France’s Iliad has made clear that it plans to continue being a thorn in the side of the country’s incumbent operators by unveiling a range of low-cost tariffs for its new 4G service.
The operator says a 4G service will now be available to consumers for as little as €19.99 ($27.15) a month, or €15.99 for customers who already subscribe to its internet services.
The tariff includes 20GB of monthly data usage and Iliad claims its price is just a fifth of fees being charged by rivals for a comparable service.
According to the Financial Times, Bouygues Telecom (Paris, France) is charging €29.99 a month for just 3GB of data usage, while a 3GB plan from SFR (Paris, France) costs more than €40.
Analysts have responded by saying Iliad’s (Paris, France) move will quickly end any hopes operators had of being able to price 4G services at a premium to 3G ones.
France Telecom (Paris, France), SFR and Bouygues had all looked to 4G as a means of countering the decline in revenues from other technologies and services, largely caused by Iliad’s entry into the country’s mobile market in early 2012.
A price war started by the new entrant forced the incumbents to slash rates or risk losing customers, but revenues and profits have fallen at all three companies as a consequence.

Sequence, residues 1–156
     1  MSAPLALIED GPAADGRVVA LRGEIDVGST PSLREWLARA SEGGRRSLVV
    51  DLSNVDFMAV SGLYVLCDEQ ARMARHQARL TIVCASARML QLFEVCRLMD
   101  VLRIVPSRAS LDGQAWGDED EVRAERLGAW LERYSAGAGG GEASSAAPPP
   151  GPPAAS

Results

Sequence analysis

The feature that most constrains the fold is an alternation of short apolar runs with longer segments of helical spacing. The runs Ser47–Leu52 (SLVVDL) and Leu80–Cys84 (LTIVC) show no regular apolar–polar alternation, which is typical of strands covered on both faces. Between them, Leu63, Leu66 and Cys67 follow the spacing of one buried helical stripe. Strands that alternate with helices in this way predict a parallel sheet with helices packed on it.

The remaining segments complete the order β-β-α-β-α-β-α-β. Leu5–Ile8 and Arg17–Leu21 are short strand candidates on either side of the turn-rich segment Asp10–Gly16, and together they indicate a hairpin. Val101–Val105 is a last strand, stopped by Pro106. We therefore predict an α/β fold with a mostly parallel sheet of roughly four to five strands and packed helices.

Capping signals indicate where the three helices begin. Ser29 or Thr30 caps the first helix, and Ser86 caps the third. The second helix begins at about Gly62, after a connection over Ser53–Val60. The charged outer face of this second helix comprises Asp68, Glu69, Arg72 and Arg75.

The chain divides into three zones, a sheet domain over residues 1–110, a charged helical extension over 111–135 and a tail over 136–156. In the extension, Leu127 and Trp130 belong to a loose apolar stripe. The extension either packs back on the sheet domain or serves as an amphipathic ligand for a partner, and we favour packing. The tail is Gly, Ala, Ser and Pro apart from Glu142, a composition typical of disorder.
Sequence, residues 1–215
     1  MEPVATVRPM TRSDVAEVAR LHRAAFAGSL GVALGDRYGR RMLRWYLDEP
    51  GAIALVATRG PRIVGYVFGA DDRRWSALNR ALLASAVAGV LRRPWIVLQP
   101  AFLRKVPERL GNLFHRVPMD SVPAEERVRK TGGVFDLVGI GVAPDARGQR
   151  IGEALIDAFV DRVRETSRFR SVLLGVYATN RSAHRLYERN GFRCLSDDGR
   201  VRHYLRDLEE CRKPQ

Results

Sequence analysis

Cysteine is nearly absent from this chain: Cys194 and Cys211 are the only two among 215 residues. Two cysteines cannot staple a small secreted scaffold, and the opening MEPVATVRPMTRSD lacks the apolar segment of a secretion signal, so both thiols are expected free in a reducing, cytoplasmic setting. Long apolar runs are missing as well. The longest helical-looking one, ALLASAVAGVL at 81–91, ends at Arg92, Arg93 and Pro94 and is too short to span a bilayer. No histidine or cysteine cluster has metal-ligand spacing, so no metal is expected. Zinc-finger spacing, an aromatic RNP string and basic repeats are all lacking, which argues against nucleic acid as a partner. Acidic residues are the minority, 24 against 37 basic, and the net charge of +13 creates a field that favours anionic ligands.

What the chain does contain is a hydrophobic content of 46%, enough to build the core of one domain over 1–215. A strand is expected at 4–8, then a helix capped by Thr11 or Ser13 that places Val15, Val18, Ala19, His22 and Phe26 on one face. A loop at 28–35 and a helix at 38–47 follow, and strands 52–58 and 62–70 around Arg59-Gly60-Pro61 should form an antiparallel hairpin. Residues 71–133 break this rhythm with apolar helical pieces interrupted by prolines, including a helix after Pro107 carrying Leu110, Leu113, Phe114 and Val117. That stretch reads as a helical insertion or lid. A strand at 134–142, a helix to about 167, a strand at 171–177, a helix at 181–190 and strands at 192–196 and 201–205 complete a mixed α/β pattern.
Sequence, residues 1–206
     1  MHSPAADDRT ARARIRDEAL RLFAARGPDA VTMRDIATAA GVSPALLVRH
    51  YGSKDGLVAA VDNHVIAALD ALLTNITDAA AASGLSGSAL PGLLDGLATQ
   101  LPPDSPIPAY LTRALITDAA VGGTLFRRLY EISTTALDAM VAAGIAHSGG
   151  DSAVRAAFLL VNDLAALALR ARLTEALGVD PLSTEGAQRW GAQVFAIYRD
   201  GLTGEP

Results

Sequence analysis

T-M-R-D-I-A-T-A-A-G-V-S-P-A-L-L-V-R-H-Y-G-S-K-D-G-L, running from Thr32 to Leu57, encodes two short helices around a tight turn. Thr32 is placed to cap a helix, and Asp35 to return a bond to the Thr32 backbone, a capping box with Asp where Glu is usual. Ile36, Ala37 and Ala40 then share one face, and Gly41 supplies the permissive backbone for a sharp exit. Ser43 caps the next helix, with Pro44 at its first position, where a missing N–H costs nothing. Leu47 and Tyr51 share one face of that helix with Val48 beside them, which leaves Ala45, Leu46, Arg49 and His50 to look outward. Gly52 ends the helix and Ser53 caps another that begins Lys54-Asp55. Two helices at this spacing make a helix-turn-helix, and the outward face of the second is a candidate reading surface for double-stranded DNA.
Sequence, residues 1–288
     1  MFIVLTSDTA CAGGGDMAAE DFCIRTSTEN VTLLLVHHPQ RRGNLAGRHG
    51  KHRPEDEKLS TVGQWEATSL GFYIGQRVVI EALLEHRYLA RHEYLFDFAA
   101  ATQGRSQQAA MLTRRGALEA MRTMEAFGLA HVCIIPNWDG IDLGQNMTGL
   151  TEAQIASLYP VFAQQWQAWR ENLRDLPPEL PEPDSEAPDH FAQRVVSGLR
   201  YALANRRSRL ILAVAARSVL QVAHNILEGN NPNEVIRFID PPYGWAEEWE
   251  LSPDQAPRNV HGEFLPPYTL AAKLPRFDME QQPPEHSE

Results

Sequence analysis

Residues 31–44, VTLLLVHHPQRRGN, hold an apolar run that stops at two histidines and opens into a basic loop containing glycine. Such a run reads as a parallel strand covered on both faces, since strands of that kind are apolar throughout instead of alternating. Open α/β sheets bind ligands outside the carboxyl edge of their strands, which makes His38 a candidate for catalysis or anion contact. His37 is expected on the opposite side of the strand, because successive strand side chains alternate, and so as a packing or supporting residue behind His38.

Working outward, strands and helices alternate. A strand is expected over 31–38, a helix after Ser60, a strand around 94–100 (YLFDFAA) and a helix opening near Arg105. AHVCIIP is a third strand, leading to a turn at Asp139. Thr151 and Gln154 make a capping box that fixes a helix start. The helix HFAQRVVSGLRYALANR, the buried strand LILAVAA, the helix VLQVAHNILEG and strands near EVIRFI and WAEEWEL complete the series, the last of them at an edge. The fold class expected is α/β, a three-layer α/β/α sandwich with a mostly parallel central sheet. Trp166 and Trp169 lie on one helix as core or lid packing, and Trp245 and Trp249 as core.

The established players have been claiming they can provide superior services and better network coverage than Iliad, but Iliad has hit back in its recent statement, saying it is one of only two French operators with 20MHz of 2.6GHz spectrum dedicated to 4G services.
The operator claims its use of so much spectrum for 4G allows it to provide services of up to 150Mbps.
Iliad also claims to have deployed more than 700 4G antennas covering more than 1,000 towns and cities across France, and plans to expand coverage aggressively over the next few weeks.
According to the Financial Times, however, France Telecom has deployed nearly 3,500 4G antennas, and Bouygues more than 4,500.
Iliad also lacks any of the valuable 800MHz spectrum that is ideally suited to providing services in rural and less densely populated regions.
As a result, it will have to install many more cell sites than its rivals to provide nationwide 4G coverage.